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Shining Star of the Bay

Louis (front) and I prepared in fancy suits for a night of dancing. Photo credit, Louis Torres.

Louis (front) and I prepared in fancy suits for a night of dancing. Photo credit, Louis Torres.

By Win Cowger

Deployed in Texas working on flood relief was hectic. I didn’t realize that it was all just smoke preparing to become fire. “It’s time to say your last words to Louis, the doctors say he won’t make it through the night,” I heard from my close friends. My best friend and brother had been hit by a car. He was in critical condition in my hometown of Benicia, California. This was the first time in my life that someone I knew so well was about to die. A thousand thoughts bombarded my mind, making me a confused mess. My crew leader calmed me down and assured me that I would be able to go to California if needed, and the Corps would do everything they could to help me along the way. He took me to the airport. I got the first flight out in the morning.

Louis made it through the night and is in a medically induced coma. I am sitting in the sterile hospital waiting room while writing this blog. The past five days have blurred together in my mind; this time has been described as like a malfunctioning elevator, slamming into the ground only to pull you back up to the top over and over again.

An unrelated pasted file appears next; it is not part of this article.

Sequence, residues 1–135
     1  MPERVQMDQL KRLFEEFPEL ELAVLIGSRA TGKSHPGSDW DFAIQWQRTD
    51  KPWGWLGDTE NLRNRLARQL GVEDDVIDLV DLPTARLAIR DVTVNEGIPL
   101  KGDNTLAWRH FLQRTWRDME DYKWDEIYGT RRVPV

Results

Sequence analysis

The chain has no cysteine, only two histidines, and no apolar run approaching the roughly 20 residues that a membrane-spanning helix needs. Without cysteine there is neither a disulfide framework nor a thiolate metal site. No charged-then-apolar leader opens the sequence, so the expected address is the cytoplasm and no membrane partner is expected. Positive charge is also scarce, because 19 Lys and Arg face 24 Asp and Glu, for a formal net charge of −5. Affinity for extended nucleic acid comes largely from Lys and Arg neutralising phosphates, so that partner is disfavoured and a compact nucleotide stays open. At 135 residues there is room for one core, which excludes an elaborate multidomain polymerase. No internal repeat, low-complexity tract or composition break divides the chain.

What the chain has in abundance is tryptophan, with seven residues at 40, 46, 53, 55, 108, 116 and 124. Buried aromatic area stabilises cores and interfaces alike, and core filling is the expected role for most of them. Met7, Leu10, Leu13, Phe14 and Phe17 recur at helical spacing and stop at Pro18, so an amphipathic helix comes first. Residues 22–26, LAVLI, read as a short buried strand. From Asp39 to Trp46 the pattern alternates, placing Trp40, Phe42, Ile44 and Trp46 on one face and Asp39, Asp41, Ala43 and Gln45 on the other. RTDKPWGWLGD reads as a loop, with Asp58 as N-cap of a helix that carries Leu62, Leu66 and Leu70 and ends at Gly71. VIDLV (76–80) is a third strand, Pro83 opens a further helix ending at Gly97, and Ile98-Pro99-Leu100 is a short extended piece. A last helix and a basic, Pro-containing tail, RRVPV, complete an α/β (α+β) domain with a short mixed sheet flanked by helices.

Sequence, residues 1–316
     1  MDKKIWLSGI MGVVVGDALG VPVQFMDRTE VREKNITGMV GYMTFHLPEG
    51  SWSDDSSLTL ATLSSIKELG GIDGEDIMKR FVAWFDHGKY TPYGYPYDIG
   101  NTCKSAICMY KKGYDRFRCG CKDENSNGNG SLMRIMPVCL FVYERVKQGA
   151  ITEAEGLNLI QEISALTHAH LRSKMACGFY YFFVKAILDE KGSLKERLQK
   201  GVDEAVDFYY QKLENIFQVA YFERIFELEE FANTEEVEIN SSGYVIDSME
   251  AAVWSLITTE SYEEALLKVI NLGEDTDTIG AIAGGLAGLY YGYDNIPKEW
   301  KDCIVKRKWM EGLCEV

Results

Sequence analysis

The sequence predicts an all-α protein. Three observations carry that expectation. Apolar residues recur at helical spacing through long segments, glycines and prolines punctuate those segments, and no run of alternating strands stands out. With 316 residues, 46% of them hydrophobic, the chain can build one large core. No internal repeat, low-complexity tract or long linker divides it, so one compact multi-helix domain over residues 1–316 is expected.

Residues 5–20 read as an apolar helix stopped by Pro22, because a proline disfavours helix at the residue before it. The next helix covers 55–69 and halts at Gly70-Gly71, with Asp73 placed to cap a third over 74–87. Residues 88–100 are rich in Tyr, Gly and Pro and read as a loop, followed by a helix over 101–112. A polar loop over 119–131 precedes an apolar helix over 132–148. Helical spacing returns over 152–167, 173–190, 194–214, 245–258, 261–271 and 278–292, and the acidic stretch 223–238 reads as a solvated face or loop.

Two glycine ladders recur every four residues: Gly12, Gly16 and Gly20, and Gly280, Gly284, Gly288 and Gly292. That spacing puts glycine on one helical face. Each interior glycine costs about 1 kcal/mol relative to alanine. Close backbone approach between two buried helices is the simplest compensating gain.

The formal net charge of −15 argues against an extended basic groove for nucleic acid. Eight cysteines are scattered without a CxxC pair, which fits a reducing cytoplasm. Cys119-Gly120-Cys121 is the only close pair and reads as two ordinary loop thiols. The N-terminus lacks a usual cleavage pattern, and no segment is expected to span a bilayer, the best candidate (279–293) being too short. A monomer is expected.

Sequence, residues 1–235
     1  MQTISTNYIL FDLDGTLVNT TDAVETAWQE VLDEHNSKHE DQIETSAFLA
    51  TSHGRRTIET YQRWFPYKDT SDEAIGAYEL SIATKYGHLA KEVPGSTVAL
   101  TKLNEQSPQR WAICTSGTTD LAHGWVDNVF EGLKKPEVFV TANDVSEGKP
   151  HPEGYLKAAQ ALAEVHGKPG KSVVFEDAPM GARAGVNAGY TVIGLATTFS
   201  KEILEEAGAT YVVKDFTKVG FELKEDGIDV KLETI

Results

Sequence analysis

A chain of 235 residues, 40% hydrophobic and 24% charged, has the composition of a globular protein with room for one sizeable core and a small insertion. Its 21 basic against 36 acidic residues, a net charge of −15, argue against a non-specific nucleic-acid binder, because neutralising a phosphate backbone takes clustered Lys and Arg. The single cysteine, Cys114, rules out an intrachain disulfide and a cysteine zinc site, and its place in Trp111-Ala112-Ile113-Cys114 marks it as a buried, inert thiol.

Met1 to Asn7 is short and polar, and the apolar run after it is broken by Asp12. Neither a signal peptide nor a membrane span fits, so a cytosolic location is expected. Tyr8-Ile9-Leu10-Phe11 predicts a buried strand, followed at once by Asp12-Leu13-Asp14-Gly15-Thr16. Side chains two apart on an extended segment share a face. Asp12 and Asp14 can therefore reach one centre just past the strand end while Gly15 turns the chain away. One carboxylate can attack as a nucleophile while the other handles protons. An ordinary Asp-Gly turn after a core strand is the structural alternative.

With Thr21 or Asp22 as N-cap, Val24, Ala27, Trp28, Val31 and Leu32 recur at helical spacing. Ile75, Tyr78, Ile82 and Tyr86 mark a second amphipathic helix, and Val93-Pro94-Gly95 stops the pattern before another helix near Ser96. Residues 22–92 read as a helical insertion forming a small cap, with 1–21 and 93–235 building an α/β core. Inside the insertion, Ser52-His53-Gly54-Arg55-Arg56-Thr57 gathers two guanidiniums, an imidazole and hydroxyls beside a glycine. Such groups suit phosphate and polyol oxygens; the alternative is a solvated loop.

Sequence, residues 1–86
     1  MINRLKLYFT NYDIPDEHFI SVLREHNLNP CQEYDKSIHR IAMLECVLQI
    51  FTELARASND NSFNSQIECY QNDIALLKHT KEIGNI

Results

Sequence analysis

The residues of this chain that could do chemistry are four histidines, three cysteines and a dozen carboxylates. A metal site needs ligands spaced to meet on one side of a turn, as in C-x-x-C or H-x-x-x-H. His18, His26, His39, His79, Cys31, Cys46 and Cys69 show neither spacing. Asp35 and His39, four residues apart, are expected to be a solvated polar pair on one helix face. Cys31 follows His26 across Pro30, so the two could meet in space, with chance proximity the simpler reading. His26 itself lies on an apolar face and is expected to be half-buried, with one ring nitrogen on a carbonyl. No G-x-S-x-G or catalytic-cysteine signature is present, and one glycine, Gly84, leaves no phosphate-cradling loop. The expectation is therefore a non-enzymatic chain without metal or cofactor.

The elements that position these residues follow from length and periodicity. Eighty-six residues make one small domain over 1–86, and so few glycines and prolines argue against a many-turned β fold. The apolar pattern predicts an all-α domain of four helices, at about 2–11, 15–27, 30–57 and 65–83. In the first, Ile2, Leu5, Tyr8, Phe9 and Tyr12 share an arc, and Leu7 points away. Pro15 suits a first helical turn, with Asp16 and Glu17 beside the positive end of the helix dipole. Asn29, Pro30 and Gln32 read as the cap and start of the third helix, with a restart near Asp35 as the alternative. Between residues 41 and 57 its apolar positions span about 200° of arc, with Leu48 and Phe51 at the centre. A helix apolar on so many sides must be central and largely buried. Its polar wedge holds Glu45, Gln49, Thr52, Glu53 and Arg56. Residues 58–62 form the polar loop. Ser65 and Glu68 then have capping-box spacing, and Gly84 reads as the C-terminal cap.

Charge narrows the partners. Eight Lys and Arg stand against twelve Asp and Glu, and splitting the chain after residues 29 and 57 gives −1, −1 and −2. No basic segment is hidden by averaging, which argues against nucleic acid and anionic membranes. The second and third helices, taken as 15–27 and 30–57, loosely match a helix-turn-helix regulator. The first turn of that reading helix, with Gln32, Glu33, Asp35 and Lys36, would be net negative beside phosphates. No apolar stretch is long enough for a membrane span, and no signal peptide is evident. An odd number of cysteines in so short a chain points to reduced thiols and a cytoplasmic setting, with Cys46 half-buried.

I called the Corps program coordinator yesterday to get information on Corps-provided counseling for times like these. He sent it to me immediately and we talked to figure out what my staying here would mean for my involvement with the Corps. The policy was more than reasonable and relieved me of stress from my Corps commitments.

Now I am able to focus on Louis. From his hospital bed he is working miracles. Family ties have been restored, wrongs done to him have been redeemed, the driver of the car that hit him was found and the whole community is standing up to provide for the ones he loves. Before this coma he wrote a poem called “Never Give up on Your Dreams.”

Excerpt from “Never Give up on Your Dreams,” by Louis Miguel Torres:
All I know is, it’s never too late to start again.
It’s called waking up.
The day we wake up is the day we are truly born.
Now this may take time, but when it happens it will be glorious.
There are those of us that are already awake.
There are those of us who are still sleeping.
Get excited every time you accomplish a goal.
If you can see it you can grasp it.
If it is visible it is possible.

I am blessed that Conservation Corps allowed me the opportunity to watch the Star of The Bay shine.